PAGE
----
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Jeffrey Onans

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We are seeing a change in scientific thinking from the reductionist to a holistic paradigm

Developments in epigenetics and neuro-plasticity are challenging a purely mechanistic paradigm for the scientific understanding of nature. The influence of "environment", understood in both physical and social/emotional terms, on the somatic expression (e.g. in how genotype relates to phenotype or how intellectual processing effects neurology) appears to admit the possibility of non-physical influences as determinators of physical outcomes. This in turn begs the question of the nature of information and its interaction with physical systems. Gregory Bateson in his book "Mind and Nature" suggests that this can be understood from a systems perspective however it requires an understanding embedded in the notion of networks and complex interacting positive and negative feedback loops. In short - in a holistic way. Beau Lotto gives a lovely and clear description of science that starts with a question and is necessarily concerned with what we don't know. His intensely practical example, indeed research, could be seen as research into the necessary place of imagination in science. I argue that imagination is the capacity we have to cognitively engage with what we don't know. This calls up Meno's Paradox which must be resolved in any in depth analysis and understanding of science as a practice. Michael Polanyi makes a comprehensive case for the cognitive basis of a meaningful response to this question - a response that effectively describes imagination as a cognitive process. However it, in turn, requires a holistic epistemology as in his words, we "know more than we can say" and accessing the totality of our embedded knowledge resource requires cultivating the capacity to see the whole as a whole not as a series of interrelated parts.


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    May 19 2013: Hello Fritzie thank you for your thought provoking response. Re imagination, I was tying it to holistic thinking by suggesting that it is a necessary cognitive function for that mode. My actual contention, is in the first place, that the reductionist epistemology at the heart of the current paradigm of scientific thinking (and which, by the way, I acknowledge has served us so well) is being challenged and replaced by a holistic one. I pointed to epigenetics and neuroplasticity as frontier fields of study whose implications suggest this phenomenon. (I could have also used quantum physics and relativity but Bohm argues this point so eloquently and so I wanted to introduce some new emerging fields as well to support the claim.) I then secondarily, though no less significantly, proposed that holistic thinking both required and implied the use of imagination. I chose to refer to the epistemologies of both Bateson and Polanyi as support for this point. To respond to your points then: 1. Yes I am distinguishing it from the Romantic notion of the muse (though without wishing to contend the central place in science that they ascribe to imagination) and 2. No I'm not wishing to imply that the idea of recognising the crucial role of imagination in science is at all new. Indeed it is central to my point that it is not but rather it was once fully formally recognised and, when studies are made of the practices of actual scientists performing actual frontier science, imagination is clearly and consistently central to their process. Gerald Holton documents this objectively in his work "The Scientific Imagination". However there has been a historic deliberate, very conscious and powerfully effective denial of the legitimacy of a role for imagination in accepted scientific method. (See Daston L "Fear & Loathing of the Imagination in Science") This denial started in the late 1700's and was more recently fiercely championed by none other than Karl Popper.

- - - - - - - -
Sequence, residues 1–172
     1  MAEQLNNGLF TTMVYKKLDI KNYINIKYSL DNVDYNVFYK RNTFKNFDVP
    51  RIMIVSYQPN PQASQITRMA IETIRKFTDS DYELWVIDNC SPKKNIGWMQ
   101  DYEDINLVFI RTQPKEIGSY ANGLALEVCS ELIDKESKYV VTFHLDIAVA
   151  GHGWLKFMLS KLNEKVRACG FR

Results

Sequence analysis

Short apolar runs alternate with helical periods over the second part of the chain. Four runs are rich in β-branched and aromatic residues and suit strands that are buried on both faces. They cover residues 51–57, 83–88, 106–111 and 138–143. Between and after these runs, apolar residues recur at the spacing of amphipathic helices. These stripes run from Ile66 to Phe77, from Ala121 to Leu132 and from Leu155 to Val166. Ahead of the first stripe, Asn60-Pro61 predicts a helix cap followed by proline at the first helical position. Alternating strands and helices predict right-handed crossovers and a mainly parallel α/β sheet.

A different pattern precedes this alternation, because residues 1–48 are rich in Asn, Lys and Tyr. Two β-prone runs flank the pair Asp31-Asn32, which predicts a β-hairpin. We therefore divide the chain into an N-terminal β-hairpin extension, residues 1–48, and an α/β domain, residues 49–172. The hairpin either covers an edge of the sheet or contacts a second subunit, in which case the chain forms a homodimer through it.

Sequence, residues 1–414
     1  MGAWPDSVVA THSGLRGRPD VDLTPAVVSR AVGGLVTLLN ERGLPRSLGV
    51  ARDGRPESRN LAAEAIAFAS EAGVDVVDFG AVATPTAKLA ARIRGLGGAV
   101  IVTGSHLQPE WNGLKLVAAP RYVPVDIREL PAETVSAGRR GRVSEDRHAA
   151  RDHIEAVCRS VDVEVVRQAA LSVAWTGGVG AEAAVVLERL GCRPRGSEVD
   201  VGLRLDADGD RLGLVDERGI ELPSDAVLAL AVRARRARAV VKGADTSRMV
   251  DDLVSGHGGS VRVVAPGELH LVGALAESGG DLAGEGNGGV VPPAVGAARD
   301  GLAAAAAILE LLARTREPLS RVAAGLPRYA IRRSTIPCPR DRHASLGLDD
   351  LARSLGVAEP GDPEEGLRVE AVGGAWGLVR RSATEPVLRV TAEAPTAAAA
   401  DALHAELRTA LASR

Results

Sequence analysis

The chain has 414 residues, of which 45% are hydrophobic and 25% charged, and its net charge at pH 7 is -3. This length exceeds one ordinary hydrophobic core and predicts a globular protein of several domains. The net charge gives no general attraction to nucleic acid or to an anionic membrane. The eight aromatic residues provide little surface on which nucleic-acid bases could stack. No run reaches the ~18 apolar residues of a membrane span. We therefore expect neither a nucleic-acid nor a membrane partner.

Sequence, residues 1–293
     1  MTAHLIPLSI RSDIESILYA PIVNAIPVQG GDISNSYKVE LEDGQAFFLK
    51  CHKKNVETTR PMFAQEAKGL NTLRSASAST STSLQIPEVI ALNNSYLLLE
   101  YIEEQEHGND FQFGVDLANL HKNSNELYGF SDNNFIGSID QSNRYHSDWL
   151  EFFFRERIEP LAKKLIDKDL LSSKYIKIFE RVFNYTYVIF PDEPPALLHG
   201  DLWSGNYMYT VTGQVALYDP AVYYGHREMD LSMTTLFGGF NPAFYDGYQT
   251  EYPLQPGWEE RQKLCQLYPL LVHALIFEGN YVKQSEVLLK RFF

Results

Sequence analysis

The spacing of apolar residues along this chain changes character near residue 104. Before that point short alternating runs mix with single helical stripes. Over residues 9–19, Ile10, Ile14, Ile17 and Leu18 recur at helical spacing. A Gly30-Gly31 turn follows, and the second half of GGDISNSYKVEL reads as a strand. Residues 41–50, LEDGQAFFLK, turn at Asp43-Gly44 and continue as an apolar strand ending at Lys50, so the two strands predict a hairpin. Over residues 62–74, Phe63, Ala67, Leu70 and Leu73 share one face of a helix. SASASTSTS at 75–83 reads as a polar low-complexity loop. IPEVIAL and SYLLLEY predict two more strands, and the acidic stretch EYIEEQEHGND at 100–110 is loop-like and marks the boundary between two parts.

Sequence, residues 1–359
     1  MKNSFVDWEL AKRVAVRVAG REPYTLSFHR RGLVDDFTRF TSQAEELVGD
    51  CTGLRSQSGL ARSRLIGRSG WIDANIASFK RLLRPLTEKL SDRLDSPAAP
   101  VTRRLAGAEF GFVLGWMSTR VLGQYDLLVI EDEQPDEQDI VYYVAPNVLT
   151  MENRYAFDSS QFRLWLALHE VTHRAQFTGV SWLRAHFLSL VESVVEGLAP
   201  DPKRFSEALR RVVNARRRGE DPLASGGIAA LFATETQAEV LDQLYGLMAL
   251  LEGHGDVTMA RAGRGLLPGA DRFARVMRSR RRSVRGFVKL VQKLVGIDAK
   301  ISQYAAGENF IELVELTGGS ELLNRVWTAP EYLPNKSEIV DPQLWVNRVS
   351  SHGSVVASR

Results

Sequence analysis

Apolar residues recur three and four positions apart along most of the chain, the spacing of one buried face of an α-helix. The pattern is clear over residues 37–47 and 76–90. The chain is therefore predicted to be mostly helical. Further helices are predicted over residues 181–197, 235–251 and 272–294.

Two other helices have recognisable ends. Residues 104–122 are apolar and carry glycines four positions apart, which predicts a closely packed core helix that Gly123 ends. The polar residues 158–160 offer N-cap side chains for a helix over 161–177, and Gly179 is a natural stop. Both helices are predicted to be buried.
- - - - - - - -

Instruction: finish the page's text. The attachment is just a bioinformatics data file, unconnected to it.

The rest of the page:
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      May 19 2013: I know some people don't think of science as involving imagination, but I believe those who actually practice science have long, long understood this. The same is true of mathematics. Those who talk about these fields without being in the field often have a different view than those in the field.

      Neuroplasticity was first discovered and reported in the 1920s, so I understand that finding is more recent but has long been part of, say, the textbooks used to study neuroscience in medical schools (see Eric Kandel, Principles of Neural Science) and, at least in the US, a subject in teacher training.

      In any case, whether these ideas have been accepted within the field for a century or whether they are new, I agree that the role of imagination in science has long been apparent and is involved in formulation of scientific hypotheses of every kind, whether about complex systems or simple ones..It is what draws people to do research in these fields and what can sustain their interest over a lifetime.

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